Then a bead of silicone was laid around the perimeter of the part where the gasket was to be bonded, as shown on the upside down vent in the lower center. The gasket was then mated to the part and the assembly was screwed down to a block of wood that had been drilled for this purpose. This holds everything in alignment and keeps the part and the gasket flat and tight.

After the silicone has cured, the assembly was removed from the block and the excess around the outside was trimmed with a sharp knife, using the shape of the part to guide the knife.
This allows the gasket to be trimmed right at the edge of the part for a neat, precise look. The trimming has started on the right side of the vent shown in the upper second from right position. The upper right vent shows the trimmed gasket bonded to the vent.

The lower right two items show the final trimmed versions of their gaskets. The cleat is quite easy, the stern light base slightly harder. The narrow oval around the stern light base is the trimmed edge that was removed from that part.

Silicone has several advantages for this process. It is relatively inexpensive, long lived, and a bead can be laid on the inside to provide larger amounts of surface area for adhesion. Another plus is that if the result is not satisfactory, it is easy to remove the gasket, strip off the silicone, and start over.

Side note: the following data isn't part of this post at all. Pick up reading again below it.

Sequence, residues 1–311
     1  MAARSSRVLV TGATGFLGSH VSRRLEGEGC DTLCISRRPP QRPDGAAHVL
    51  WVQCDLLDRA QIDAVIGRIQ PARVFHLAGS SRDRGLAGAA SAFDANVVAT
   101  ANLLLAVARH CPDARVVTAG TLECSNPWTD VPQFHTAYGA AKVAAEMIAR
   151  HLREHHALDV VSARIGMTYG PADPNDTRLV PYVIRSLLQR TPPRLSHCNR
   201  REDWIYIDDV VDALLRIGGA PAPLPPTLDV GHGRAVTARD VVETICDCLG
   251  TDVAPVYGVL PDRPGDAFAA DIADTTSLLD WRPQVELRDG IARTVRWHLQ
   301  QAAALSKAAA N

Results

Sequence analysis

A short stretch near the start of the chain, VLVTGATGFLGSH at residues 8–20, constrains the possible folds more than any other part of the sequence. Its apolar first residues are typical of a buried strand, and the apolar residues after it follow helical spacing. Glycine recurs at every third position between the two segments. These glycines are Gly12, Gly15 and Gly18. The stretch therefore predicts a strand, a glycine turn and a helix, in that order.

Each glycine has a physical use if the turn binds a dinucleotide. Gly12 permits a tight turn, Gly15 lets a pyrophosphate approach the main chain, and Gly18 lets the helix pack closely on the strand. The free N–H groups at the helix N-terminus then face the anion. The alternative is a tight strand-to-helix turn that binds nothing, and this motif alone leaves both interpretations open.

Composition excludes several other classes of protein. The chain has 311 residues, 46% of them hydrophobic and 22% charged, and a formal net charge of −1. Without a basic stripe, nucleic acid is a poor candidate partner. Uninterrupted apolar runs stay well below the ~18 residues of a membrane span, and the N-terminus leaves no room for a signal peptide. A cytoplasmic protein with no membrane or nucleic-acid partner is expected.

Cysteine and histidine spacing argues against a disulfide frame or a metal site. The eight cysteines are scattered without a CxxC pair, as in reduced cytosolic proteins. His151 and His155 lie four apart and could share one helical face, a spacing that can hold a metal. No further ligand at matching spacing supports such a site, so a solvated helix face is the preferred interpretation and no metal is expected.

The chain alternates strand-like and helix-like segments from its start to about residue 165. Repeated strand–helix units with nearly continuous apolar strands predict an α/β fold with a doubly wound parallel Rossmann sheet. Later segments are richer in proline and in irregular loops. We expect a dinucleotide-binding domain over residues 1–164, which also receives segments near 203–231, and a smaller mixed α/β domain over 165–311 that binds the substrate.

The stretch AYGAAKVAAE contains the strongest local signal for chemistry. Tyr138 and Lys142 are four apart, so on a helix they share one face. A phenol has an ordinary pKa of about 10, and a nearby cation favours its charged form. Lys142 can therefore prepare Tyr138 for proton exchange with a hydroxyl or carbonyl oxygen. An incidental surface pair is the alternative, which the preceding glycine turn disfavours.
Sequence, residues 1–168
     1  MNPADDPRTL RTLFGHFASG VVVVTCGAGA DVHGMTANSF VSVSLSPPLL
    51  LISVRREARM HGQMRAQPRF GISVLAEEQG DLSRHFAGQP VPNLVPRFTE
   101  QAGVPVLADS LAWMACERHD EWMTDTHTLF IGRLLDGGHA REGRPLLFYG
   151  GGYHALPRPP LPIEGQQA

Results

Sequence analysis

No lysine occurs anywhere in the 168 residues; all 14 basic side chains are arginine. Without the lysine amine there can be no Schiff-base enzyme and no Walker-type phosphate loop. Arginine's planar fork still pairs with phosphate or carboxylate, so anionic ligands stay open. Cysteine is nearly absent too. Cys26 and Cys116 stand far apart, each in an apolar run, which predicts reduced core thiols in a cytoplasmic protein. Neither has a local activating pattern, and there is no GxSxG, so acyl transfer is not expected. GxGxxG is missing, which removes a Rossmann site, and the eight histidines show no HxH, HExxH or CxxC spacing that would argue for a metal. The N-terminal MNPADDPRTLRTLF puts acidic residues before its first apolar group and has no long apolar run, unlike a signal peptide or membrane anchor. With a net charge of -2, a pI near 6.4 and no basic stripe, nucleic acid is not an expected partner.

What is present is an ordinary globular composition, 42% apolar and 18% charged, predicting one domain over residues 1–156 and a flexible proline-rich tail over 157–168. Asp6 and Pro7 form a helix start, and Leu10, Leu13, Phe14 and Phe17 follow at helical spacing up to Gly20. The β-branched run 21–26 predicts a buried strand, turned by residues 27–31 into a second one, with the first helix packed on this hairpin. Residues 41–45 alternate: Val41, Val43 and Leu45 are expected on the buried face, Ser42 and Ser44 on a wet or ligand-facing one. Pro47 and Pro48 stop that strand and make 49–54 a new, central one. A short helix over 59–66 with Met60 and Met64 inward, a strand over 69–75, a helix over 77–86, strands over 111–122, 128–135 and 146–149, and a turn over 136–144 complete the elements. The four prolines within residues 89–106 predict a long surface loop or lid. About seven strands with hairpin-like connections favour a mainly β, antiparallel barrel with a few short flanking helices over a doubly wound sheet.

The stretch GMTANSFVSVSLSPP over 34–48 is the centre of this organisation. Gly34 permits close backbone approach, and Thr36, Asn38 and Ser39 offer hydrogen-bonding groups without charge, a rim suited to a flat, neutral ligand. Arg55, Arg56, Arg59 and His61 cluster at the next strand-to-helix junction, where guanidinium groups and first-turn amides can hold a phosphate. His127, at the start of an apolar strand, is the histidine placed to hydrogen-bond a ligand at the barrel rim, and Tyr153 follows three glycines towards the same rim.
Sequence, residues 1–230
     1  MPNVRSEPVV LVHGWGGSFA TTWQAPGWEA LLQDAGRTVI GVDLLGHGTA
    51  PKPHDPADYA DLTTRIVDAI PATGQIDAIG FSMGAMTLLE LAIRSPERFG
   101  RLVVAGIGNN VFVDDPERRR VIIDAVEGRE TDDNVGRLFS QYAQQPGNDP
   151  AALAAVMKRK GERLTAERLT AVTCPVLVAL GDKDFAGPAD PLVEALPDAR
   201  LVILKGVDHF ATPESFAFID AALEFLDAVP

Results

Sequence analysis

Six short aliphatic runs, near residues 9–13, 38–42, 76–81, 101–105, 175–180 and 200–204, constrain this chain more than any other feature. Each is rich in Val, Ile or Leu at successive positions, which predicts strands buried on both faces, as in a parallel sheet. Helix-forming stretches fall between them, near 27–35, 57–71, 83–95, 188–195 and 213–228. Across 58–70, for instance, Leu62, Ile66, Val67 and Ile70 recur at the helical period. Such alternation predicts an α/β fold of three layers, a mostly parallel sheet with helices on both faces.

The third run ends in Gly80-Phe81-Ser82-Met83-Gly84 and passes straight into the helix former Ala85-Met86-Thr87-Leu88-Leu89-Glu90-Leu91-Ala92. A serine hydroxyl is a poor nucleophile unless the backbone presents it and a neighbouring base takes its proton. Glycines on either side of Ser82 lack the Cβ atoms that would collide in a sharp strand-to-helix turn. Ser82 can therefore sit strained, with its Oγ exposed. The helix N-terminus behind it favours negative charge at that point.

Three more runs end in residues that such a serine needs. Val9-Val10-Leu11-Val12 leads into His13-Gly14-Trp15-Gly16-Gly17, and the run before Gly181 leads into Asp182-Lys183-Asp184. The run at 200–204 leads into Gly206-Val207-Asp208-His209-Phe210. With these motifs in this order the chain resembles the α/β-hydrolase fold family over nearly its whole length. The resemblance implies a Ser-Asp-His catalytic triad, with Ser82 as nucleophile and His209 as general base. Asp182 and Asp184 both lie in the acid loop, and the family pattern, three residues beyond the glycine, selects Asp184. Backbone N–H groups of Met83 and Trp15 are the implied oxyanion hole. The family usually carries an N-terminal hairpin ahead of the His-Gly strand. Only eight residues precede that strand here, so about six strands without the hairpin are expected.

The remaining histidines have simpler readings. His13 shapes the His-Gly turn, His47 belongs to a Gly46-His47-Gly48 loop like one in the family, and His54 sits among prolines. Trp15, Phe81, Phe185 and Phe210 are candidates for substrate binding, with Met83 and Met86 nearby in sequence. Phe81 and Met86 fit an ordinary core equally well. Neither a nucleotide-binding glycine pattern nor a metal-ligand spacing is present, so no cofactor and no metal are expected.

Attachments:

Please Log in to join the conversation.

Re:1963 Glastron V143 JetFlite Restoration 5 years 5 months ago #77963

  • Kern
  • Kern's Avatar Topic Author
  • Offline
  • Junior Boarder
  • Junior Boarder
  • Posts: 88
  • Karma: 16
  • Thank you received: 0
The new windshield was completed by EDS Plastics in South Lyon, MI and was picked up. The new part was made using a tool created from the original windshield. The new part matches the old perfectly and looks very nice, all shiny and clear with no scratches. They also polished the frame.



Restoring and revising the trailer ended u[ being much more time consuming and costly than planned. The major structural change involved the redesign and fabrication of the winch post. I wanted the angle to match the bow angle of the boat and I wanted it welded to the tongue. The winch height and distance from the bow were also factors that were considered in the design.

After the fabrication was finished the trailer was sand blasted, primed, all pitting was filled and the color and clear coats applied. The resulting finish is equal to many show cars. The pictures show some detail of the result. There are still some details that need to be completed once the trailer gets home. Those will be shown on future postings.

The mostly complete trailer.

The new fenders to cover the larger wheel/tire combination.

Detail of the weld and finish of the new winch post.

Compare this winch post with the original at the top of this posting. Since this boat/trailer combo will always remain together as long as I own it, the winch post does not have to remain adjustable for another boat.

The color on the trailer and hull looks different, due to the lighting. The same paint was used on both.